Garland, at Confirmation Hearing, Vows to Fight Domestic Extremism

Garland, at Confirmation Hearing, Vows to Fight Domestic Extremism

2021-02-23 00:16:59
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WASHINGTON – Judge Merrick B. Garland, President Biden's nominee for Attorney General, said Monday that the threat of domestic extremism is greater today than it was at the time of the Oklahoma City bombing in 1995, and he promised that if he was Confirmed, the federal investigation into the Capitol riot will be first priority.

Judge Garland, who led the Justice Department prosecution of the Oklahoma City bombing, told the Senate Judiciary Committee on the first day of his confirmation hearings that the early stages of the current investigation into the & # 39; white supremacists and others who stormed the Capitol & # 39; seemed to be aggressive and "perfectly adequate".

He was largely welcomed by members of both sides on the panel, five years after Senate Republicans blocked his nomination to the Supreme Court by President Barack Obama to fill the vacancy created by the death of Judge Antonin Scalia. .

Judge Garland, 68, who was confirmed before the U.S. Court of Appeals for the District of Columbia Circuit in 1997, promised on Monday to restore the independence of a Department of Justice that had undergone deep politicization under the Trump administration.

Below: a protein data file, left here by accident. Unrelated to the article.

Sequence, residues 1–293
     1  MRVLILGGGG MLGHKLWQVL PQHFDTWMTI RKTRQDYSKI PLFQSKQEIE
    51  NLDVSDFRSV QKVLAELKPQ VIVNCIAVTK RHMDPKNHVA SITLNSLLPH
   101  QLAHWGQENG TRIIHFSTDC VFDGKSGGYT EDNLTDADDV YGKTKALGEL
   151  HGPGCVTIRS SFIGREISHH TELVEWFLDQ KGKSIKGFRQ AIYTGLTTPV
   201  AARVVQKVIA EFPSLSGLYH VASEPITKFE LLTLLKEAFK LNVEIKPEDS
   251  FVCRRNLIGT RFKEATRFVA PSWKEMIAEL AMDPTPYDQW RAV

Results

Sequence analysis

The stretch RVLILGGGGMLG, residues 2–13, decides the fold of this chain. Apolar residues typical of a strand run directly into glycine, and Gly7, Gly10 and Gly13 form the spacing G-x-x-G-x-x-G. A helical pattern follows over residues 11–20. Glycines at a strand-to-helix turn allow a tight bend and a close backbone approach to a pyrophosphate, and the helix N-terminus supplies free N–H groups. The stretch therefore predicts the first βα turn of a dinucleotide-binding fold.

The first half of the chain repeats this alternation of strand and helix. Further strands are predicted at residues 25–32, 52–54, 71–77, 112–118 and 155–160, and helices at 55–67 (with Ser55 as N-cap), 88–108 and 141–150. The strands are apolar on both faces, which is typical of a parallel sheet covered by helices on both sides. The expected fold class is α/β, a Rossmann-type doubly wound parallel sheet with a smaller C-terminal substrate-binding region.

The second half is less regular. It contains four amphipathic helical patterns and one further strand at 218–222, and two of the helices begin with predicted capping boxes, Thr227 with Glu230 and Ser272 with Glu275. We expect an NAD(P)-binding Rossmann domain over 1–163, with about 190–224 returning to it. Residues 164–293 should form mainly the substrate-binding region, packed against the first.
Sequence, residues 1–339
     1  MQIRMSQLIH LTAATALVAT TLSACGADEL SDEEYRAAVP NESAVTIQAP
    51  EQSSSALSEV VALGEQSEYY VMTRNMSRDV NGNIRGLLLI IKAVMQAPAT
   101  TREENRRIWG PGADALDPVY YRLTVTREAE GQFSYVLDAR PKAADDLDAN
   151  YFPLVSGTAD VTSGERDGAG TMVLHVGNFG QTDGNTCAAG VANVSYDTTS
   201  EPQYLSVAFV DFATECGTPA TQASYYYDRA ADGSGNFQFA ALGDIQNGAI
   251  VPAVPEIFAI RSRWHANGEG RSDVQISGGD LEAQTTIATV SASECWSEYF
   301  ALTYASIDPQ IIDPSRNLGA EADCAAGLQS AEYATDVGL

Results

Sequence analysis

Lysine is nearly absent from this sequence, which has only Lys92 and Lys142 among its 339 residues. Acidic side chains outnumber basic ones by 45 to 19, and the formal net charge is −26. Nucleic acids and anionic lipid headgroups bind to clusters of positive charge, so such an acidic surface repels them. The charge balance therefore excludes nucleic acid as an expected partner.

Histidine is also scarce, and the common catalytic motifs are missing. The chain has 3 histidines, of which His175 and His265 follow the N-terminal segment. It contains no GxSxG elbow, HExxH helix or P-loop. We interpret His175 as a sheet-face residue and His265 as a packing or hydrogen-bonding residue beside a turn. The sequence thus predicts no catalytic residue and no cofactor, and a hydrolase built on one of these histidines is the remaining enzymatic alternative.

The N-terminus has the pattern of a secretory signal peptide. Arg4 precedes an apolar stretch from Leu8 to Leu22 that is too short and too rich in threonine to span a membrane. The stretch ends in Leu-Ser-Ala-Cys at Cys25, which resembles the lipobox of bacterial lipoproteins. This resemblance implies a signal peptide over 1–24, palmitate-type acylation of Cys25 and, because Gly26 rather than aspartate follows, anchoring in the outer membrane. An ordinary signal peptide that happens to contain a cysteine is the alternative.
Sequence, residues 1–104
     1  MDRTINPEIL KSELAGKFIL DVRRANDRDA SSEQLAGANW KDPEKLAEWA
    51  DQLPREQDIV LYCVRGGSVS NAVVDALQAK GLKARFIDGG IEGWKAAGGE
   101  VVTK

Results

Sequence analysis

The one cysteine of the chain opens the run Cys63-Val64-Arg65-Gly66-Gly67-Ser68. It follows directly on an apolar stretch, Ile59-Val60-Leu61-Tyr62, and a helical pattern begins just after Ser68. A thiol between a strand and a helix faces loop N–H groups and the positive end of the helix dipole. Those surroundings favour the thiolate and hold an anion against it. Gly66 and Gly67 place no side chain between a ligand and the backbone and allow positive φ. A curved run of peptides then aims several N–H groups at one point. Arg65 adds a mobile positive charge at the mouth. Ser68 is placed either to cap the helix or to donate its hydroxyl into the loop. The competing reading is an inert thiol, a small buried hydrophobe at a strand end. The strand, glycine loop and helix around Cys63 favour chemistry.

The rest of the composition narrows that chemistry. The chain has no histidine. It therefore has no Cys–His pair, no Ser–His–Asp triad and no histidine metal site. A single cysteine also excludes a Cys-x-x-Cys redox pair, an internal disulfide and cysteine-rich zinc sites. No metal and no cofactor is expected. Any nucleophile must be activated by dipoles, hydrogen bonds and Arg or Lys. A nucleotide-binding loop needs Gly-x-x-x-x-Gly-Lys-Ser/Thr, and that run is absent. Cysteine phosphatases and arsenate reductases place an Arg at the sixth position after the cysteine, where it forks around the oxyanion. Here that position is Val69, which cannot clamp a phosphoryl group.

& # 39; I don't intend to let anyone bother me, & # 39; Judge Garland said. If confirmed, he said, he would uphold the principle that "the attorney general represents the common good."

Judge Garland also said he would revive the department's civil rights division as America undergoes a painful and destabilizing reckoning with systemic racism.

"Colored communities and other minorities continue to face discrimination in housing, education, employment and the criminal justice system," Judge Garland said in his pick up lineBut he said he did not support the call from some on the left that emerged from this summer's civil rights protests to defend the police.

The Trump administration has made efforts to curb civil rights protections for transgender and minority people. It also banned policies against systemic racism, sexism, homophobia, and other implicit biases.

"I consider my responsibilities to the civil rights department to be at the top of my priority list," said Judge Garland.

Judge Garland answered questions on a wide variety of additional topics, including criminal law reform, antitrust cases, the power of major technology companies, congressional scrutiny, and department morale.